Fast and Rough

Spreading the Fire,” by Dan, tdaxp, 1 February 2005,

The Big Bang spreads . . . the rough way,” by Thomas Barnett, Thomas P.M. Barnett :: Weblog, 7 October 2005,

Is noted grand strategist Dr. TPM Barnett ripping me off again?

Compare, yesterday’s blog post over at his blog:

It’s not just Saudi Arabia where the locally-derived jihadists are returning home for the weekend and blowing up a police station or two.

Yes, Jordan’s Abdullah and Egypt’s Mubarek warned of this as an outflow of the Iraq takedown, and it worried them, because maybe they’d finally have to deal with all the angry young men in their respective systems.

Good thing or bad? Bad in content, of course, but very good in terms of speeding the killing. We can do this nice and slow, or we can do this fast and rough, as Tina Turner used to growl onstage before singing “Proud Mary.”

Al Qaeda has been quite open about its strategy of stretching the Americans thin. But rather than stretching us out, this development incentivizes the locals to deal with this long-held hatreds and grudges, like the massive chip on Musab al Zarqawi over how Jordan’s treated him in the past.

In the end, what will have to change for all this violence in the Middle East to stop is not our withdrawal, but political reform in the region. Keeping this fight suppressed, or having it exported to our shores like it was on 9/11 is certainly a safer route for the local authoritarian regimes. Then again, I think 9/11 put us past caring about those regimes’ stability like we used to.

Bush basically runs a race with Osama: who can destabilize the region’s regimes first? Both sides want change, but only one wants to replace the current autocracies with a religious dictatorship. What Bush wants solves the problem. What Osama wants merely extends it.

Bush may suck at execution, but his strategic instincts are sound. He’s not looking to leave these problems to the next generation, and yet, unless his execution gets better, that’s exactly what he’ll end up doing.

And me, back in February

George Bush is a very brave man.

He talks of spreading the fire of freedom. He has destroyed the status quo ante bellum. But so are the Salafists.

It is ironic that so much of the Bush agenda for the Greater Middle East is coterminus with Osama bin Laden

Bush has removed the army from Saudi Arabia, pressed for rapid trade normalization with Iraq, and is seeing Ariel Sharon withdraw from the Gaza and parts of the West Bank.

While bin Laden and Bush have radically different views of “freedom,” they both agree that the decrepit Arab states do not provide it. So it is no suprise that Bush is not the only one spreading the fire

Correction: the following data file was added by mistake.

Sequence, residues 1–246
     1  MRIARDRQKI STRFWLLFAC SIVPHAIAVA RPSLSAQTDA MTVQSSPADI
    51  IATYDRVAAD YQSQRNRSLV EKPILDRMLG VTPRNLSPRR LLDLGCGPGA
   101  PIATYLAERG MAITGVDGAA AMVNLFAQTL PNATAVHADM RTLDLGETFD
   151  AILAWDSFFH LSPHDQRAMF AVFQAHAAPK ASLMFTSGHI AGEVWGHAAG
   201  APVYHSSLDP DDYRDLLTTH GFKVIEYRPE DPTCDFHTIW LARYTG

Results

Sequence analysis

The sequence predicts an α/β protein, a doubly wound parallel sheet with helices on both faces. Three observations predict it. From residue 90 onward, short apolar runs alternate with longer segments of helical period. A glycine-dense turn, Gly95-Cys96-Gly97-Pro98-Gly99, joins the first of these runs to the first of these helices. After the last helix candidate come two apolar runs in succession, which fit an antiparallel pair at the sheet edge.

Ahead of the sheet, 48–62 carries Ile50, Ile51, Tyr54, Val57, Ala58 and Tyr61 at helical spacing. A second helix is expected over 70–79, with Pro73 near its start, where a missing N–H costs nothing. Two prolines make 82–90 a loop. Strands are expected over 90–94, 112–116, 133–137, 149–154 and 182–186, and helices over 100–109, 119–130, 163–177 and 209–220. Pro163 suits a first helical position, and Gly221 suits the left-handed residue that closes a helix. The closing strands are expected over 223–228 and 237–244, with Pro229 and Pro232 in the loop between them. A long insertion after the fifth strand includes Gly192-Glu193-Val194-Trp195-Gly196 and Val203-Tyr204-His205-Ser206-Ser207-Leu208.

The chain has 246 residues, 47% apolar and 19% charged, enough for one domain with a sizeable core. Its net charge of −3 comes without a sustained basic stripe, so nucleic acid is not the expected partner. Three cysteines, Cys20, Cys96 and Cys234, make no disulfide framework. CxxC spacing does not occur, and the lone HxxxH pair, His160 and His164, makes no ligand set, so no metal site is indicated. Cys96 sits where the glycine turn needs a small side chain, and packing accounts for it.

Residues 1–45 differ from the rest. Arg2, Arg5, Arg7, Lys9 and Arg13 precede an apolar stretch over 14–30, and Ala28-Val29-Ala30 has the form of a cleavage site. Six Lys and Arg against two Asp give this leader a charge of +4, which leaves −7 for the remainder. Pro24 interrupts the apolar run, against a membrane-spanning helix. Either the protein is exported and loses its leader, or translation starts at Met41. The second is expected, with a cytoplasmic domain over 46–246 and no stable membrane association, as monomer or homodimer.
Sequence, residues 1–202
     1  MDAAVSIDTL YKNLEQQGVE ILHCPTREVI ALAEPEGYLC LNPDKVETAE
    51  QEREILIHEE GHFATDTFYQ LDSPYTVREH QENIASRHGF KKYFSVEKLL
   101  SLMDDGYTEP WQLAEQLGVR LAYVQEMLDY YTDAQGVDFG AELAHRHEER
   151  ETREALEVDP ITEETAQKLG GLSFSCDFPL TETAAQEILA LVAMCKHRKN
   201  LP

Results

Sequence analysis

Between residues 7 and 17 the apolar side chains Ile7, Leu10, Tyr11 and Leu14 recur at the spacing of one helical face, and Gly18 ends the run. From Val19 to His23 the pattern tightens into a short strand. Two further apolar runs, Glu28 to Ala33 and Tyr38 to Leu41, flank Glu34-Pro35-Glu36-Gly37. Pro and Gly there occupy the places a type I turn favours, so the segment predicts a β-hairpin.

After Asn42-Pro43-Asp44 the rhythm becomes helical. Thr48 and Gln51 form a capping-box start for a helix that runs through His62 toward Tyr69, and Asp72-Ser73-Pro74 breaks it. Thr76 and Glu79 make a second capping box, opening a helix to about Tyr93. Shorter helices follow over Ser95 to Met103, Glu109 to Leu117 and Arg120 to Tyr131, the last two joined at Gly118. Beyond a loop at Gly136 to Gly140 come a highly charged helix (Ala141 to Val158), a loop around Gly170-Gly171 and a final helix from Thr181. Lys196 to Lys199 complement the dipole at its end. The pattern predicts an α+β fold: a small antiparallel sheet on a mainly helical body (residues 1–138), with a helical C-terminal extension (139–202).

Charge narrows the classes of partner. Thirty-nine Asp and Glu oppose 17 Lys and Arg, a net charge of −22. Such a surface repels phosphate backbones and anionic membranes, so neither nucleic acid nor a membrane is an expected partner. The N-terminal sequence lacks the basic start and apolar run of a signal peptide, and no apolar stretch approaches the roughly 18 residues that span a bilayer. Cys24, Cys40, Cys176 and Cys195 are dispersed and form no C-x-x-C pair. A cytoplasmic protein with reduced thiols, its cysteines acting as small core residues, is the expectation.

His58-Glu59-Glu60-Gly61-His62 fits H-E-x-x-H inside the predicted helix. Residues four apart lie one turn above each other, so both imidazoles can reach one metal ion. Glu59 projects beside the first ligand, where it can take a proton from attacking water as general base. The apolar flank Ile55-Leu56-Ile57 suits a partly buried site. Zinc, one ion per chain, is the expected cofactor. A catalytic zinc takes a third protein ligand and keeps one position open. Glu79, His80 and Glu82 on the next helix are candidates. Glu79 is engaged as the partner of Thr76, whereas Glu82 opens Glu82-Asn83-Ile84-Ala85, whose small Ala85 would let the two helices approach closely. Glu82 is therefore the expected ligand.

In Iraq the Salafists and Ba’athis view each other as useful idiots. In the rest of the Greater Middle East, the Salafists and the Americans both wish transformation
. This is the nature of the Global War on Terrorism.

Of course, he writes a lot better than me…

EBO: Effects-Based Operations

Effects-Based Operations and the Excersize of National Power,” by David Pendall, Military Review, January – February 2004,

More reading for the International Law paper. Note the generally psychological tone, and compare with John Robb’s opinion.

Clearly, future capabilities of combined and standing joint task forces (SJTF), coupled with specialized strike elements, will leverage the power of kinetic and nonkinetic weapons in future battlespace. Some battlespace will be located within sprawling urban environments and some will be against state and nonstate entities or both. Some of the capabilities used to achieve future desired effects might not be classed currently as weapons. Other battlespaces might be in the spaces between neurons or electrons. The cutting, burning, irradiating, poisoning, piercing, and concussion effects that enlivened combat in the 20th-century will persist, and other forms of engagement and effects will be added. Some weapons will be nonkinetic and will substitute for some of the fire and maneuver of times past.

Kinetic weapons, as defined here, are weapons whose effects are transmitted by the motion of a substance, such as a projectile, a shock wave, or heat. Departing from the conventional definition, nonkinetic weapons include—

l Sticky foams.
l Graphite bombs.
l Cyber weapons.
l Microwaves.
l Directed energy.
l High-energy radio frequency strikes.
l Calmatives.
l Acoustic weapons.
l Stink bombs.
l Antitraction and antireaction chemicals.

These items will be transformational once they become available, although they are less interesting as technologies and more interesting because of their capacity as surrogates

The battlespace in which the United States engages its adversaries are longer defend its interests and provide its citizens security by being “over there.” Defending the United States is now as much about local lawenforcement officers patrolling and protecting critical infrastructure nodes in Omaha, Nebraska, as it was during World War II when U.S. servicemen stormed Omaha Beach.

Like it or not, preemption is recognized as a legitimate form of self-defense. Future engagements are merely the branches and sequels flowing from what is being executed today. The variables are the degree of engagement, the methods of engagement, and how explicitly engagements become known to those not directly involved. Warfare can no longer be characterized as the conventional forces of a nation-state engaging in the delivery of munitions and destruction in pitched battles on land, sea, and air. Operations are no longer merely focused against an opposing nation-state’s forces and means to make and sustain the fight.

What are the national thresholds and attack-classification schemes that will compel national elements of power to respond in the future? How will the United States implement the newest national security strategy in the broader terms and environments this century presents rather than those of the 20th century?